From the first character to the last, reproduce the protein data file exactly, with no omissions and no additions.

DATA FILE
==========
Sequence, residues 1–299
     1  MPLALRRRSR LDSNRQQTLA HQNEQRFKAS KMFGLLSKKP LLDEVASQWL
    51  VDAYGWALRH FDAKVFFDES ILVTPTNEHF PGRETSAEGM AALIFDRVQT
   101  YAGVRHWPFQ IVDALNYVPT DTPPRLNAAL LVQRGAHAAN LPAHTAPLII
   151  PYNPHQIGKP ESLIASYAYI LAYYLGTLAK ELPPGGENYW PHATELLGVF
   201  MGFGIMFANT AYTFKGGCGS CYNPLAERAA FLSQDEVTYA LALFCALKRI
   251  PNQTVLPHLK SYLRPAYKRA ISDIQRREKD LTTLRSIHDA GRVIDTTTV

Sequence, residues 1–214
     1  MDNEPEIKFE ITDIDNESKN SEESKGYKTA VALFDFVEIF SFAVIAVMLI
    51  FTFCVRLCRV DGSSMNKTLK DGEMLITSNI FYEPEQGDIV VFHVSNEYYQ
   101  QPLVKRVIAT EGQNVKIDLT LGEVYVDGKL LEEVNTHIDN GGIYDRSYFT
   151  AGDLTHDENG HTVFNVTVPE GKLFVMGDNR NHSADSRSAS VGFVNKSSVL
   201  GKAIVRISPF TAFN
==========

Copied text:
Sequence, residues 1–299
     1  MPLALRRRSR LDSNRQQTLA HQNEQRFKAS KMFGLLSKKP LLDEVASQWL
    51  VDAYGWALRH FDAKVFFDES ILVTPTNEHF PGRETSAEGM AALIFDRVQT
   101  YAGVRHWPFQ IVDALNYVPT DTPPRLNAAL LVQRGAHAAN LPAHTAPLII
   151  PYNPHQIGKP ESLIASYAYI LAYYLGTLAK ELPPGGENYW PHATELLGVF
   201  MGFGIMFANT AYTFKGGCGS CYNPLAERAA FLSQDEVTYA LALFCALKRI
   251  PNQTVLPHLK SYLRPAYKRA ISDIQRREKD LTTLRSIHDA GRVIDTTTV

Sequence, residues 1–214
     1  MDNEPEIKFE ITDIDNESKN SEESKGYKTA VALFDFVEIF SFAVIAVMLI
    51  FTFCVRLCRV DGSSMNKTLK DGEMLITSNI FYEPEQGDIV VFHVSNEYYQ
   101  QPLVKRVIAT EGQNVKIDLT LGEVYVDGKL LEEVNTHIDN GGIYDRSYFT
   151  AGDLTHDENG HTVFNVTVPE GKLFVMGDNR NHSADSRSAS VGFVNKSSVL
   201  GKAIVRISPF TAFN